I typically have no dietary restrictions, but I spent a year of the pandemic on a pescetarian diet, so this was familiar territory to me. I decided to mostly adhere to my everyday diet with less meat while incorporating foods from each region.
Here’s a review of what I went for:
Blue Zone Dietary Habits I Tried For 7 Days
Plants, plants, plants: As noted, these diets are primarily plant-based, with some exceptions here and there (particularly in Sardinia and Costa Rica, as far as I can tell).
Legumes and beans: These are prioritized in all zones, so they were a priority for my diet!
Limited meat: Though meat isn’t off-limits, it certainly is minimized in these cultures. I followed suit.
Limited alcohol: The research on whether or not you should have alcohol is mixed. If you don’t drink already, stay the course — it probably won’t benefit your health to add alcohol into the mix. Though, if you enjoy alcohol now and then, that glass of wine was associated with good health in certain regions. In the words of Dr. David L. Katz, “I drink wine judiciously to avoid the hazards of excess, and for pleasure — not to reduce my health risks. Pleasure itself is important to health; if you choose to raise a glass to the limitations of population-based epidemiological studies, I suggest you toast to that.” I don’t usually drink at all during the week (and rarely on weekends unless I’m out with friends, at a restaurant, etc) so I decided to continue along with my mostly alcohol-free lifestyle. If you enjoy the occasional drink, it’s all about moderation!
High carb: This is easy when you’re eating plant-based!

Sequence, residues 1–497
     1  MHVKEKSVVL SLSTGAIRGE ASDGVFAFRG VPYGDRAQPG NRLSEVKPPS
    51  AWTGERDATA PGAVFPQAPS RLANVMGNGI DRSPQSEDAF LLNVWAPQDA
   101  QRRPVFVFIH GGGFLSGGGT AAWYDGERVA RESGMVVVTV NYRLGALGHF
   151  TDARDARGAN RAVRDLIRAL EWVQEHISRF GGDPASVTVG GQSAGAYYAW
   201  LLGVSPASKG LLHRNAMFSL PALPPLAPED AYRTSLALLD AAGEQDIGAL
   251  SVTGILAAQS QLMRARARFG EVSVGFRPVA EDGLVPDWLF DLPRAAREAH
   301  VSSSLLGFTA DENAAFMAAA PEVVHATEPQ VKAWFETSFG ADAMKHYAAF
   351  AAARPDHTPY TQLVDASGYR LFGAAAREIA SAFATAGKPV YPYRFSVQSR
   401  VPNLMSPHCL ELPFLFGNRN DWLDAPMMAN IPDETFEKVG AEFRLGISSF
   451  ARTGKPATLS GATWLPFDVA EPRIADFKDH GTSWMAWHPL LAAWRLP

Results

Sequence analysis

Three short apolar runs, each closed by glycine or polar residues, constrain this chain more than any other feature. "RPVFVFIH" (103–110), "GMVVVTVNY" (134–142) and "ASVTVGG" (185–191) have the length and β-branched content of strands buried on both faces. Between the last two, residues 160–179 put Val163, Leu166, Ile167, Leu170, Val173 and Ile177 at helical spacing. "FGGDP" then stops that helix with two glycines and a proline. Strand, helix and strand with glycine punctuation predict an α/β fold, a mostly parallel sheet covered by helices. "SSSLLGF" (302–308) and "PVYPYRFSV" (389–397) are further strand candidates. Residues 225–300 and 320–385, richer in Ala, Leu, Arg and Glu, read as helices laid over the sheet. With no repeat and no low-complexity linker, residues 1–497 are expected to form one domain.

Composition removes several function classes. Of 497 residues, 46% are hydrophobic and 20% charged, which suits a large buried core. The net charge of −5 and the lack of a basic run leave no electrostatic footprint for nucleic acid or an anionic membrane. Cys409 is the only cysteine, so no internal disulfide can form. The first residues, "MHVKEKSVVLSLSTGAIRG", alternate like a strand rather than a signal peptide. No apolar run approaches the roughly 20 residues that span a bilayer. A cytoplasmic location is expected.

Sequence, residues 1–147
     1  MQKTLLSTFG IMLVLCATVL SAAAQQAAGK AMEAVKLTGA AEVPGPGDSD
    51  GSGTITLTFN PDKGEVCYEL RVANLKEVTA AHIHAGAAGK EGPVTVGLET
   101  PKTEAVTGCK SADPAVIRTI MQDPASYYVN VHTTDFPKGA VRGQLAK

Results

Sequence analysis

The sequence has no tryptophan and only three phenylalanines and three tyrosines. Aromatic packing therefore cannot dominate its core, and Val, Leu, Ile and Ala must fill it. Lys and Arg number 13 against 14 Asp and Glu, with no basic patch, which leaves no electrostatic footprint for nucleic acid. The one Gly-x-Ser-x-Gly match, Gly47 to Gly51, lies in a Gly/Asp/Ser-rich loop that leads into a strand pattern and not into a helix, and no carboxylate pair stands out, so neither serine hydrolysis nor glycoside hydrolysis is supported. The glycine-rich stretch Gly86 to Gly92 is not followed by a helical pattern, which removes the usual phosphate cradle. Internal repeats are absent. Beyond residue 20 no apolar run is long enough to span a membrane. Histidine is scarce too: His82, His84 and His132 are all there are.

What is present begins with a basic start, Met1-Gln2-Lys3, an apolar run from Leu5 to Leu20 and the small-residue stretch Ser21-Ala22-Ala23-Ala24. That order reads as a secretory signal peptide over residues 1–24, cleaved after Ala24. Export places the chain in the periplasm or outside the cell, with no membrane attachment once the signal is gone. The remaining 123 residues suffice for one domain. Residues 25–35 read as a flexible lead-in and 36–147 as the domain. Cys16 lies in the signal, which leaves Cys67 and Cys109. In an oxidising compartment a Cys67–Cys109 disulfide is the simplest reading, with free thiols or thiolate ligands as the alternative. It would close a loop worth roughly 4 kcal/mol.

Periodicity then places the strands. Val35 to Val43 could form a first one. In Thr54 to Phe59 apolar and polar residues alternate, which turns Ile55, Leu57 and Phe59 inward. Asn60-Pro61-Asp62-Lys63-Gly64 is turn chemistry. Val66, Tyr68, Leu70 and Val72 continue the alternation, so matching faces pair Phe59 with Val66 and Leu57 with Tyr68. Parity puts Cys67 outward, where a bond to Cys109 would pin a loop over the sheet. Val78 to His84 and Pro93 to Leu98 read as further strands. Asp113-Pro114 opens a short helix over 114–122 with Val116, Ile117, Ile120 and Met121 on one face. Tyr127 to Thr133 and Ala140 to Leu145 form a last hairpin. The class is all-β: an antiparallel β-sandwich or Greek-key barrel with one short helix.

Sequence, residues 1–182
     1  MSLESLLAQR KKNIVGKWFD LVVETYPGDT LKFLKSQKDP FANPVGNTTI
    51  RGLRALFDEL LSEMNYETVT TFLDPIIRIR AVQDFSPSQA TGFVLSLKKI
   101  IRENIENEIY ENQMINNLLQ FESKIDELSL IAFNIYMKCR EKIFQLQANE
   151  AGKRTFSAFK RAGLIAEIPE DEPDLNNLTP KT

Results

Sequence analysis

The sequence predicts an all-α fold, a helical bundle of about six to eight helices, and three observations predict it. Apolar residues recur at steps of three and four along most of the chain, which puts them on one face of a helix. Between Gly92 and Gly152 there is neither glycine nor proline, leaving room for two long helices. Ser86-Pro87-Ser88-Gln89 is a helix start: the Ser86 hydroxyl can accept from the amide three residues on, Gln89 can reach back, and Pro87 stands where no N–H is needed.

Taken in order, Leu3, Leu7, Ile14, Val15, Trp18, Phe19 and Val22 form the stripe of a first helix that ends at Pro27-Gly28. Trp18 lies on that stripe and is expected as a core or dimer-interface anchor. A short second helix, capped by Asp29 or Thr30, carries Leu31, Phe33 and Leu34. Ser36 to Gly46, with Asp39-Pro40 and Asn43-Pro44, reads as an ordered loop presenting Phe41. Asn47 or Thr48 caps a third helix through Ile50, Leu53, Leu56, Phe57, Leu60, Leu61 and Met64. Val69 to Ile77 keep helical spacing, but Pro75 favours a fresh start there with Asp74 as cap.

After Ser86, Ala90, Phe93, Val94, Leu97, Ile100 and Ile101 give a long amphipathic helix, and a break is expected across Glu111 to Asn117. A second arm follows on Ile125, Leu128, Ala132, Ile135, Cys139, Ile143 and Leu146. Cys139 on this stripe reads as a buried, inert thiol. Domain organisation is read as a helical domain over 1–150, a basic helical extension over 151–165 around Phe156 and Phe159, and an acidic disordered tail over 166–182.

Organic: Residents of Loma Linda tend to eat organic most of the time. I ensured my produce was all organic this week!
Blue Zone Lifestyle Principles I Incorporated
Passeggiata: Not specifically a Sardinian practice, but an Italian one nonetheless, passeggiata is a post-meal walk. This contributes to overall movement and activity, and aids mental wellbeing, good digestion, and stress reduction. My dog was a big fan of this component of the week’s experiment!
Regular Exercise: Building upon good walking habits, it’s important to incorporate regular exercise into your routine — that’s a given! These people are generally careful not to overtrain, and partake in anything from walking to martial arts to dance. As you may have guessed, I peppered my week’s itinerary with FitOn workouts!
Social support: A tight-knit community is a cornerstone of health in these regions. Ensuring you spend some time with those you love is essential to a happy, healthy life. Whether catching up on FaceTime or over a (plant-based!) meal, getting social nourishment is key to Blue Zone living. I made extra time to see friends and family this week.
Sleep: Getting good rest is another pillar of the Blue Zone habits. It ensures that your cellular function is on point, your digestion is working smoothly, and that you’re staving off illness, recovering from workouts, and managing stress levels. I used a sleep tracker and recommended bedtime windows to make sure I was on top of my rest.
What My 7 Days of Blue Zone Eating Looked Like
Naturally, I began researching what my meals would look like by perusing the Blue Zone website, which inspired me with recipes like blueberry chia muffins and matcha custard. In general, this page is an excellent resource for learning more about this lifestyle.
From there, I also researched regional foods and delicacies to get a general idea of what a diet looked like for each of the five Blue Zones. I wanted to add a mix of Italian, Greek, Japanese, and Costa Rican food to my diet (I already live in Southern California, less than two hours from Loma Linda, so I can only assume the food is pretty similar here!).
Meal Inspiration from Various Blue Zones